The second and third chapters are devoted to analysis of the microfinance environment in Uzbekistan, based on the primary dataset, which constitutes the first evidence of the impact of microfinance from the Central Asia region.

The second chapter describes the microfinance environment in Uzbekistan, emphasizing two types of non-bank microfinance institutions - Credit Unions and Microcredit Organizations. The specific nature of these institutions provides new evidence of the commercially oriented microcredit model and SME lending, which is an emerging trend in mainstream microfinance. The chapter offers two important contributions. On the supply side of microcredits, we analyse the determinants of initial placement of MFIs in districts of Uzbekistan. We find that MFIs follow general economic principles when choosing locations. On the demand side, we analyse the actual margins of excess demand for microcredits by considering only the pool of eligible applicants. We find that the total probability of microcredit approval is, on average, only 0.5, which implies that actual margins of untapped market may be much lower than projected when the narrow definition of eligible applicants is taken into account.

In the third chapter, the causal impact of improved access to microcredits is measured in terms of geographical distance to the nearest non-bank MFI. Proximity matters because of travel, time and other pecuniary costs and, more importantly, in terms of knowledge diffusion and (dis)connection from the microfinance network causing “signal dissipation”. The methodology is based on propensity score matching as a second best solution for program evaluation in the absence of experimental intervention. We match the 25% of households residing the closest to MFIs with the 25% residing the farthest, which defines the “treatment” as having easy or difficult geographical access to microcredits. To ensure the validity of the matching technique, we re-create pre-treatment covariates using a set of retrospective questions embodied in a single cross-sectional design. The accuracy and memory recall of retrospective data is ensured by the use of “fundamental events” analogues to event studies in general finance literature. We therefore provide an additional contribution to impact assessment and program evaluation. Overall results indicate a positive and significant effect of improved access to microcredits. For the business channel, we find that having better access to microcredit results in clients running more efficient enterprises in terms of higher business income and profits, and reducing the numbers of employees under competitive pressures. We also observe significant changes in household consumption patterns. Households with better access to MFIs tend to invest more in human capital, captured by expenditures on health and education, and to reduce spending on non-durable items such as weddings. The findings suggest that better access to microcredits improves household consumption patterns, which is in line with theoretical predictions.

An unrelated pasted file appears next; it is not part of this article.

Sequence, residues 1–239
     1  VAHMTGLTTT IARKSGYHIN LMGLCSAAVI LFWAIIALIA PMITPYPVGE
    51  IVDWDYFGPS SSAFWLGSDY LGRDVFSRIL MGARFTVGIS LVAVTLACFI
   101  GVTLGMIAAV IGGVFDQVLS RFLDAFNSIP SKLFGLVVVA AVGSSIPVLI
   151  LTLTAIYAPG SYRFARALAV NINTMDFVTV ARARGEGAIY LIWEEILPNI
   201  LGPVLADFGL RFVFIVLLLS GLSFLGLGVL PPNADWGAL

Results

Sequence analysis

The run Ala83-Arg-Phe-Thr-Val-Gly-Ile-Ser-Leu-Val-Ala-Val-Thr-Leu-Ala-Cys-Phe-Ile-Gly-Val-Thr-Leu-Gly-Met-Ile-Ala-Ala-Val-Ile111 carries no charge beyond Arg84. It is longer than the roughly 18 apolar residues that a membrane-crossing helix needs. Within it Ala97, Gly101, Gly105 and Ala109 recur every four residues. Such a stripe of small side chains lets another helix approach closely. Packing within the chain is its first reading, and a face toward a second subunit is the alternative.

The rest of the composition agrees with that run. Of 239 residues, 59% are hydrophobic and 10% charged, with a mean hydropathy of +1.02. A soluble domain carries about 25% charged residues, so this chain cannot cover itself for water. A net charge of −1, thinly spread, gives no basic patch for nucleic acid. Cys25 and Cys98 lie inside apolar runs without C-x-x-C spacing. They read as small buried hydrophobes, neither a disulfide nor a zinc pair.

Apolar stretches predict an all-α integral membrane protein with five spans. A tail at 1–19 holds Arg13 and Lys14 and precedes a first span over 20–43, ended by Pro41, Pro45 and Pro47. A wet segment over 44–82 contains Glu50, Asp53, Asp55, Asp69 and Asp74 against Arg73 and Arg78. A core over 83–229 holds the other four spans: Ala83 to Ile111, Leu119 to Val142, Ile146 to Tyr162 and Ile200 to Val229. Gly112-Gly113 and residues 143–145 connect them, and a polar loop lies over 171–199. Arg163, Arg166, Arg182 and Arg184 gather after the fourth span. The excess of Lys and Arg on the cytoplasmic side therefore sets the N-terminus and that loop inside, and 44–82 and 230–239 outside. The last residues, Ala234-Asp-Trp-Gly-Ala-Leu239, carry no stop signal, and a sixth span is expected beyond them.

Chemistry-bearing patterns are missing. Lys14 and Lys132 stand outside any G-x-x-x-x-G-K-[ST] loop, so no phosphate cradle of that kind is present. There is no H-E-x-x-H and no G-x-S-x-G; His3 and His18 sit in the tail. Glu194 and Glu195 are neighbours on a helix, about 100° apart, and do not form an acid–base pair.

Full Text: “Measuring the Impact of Microfinance” by Nargiza Alimukhamedova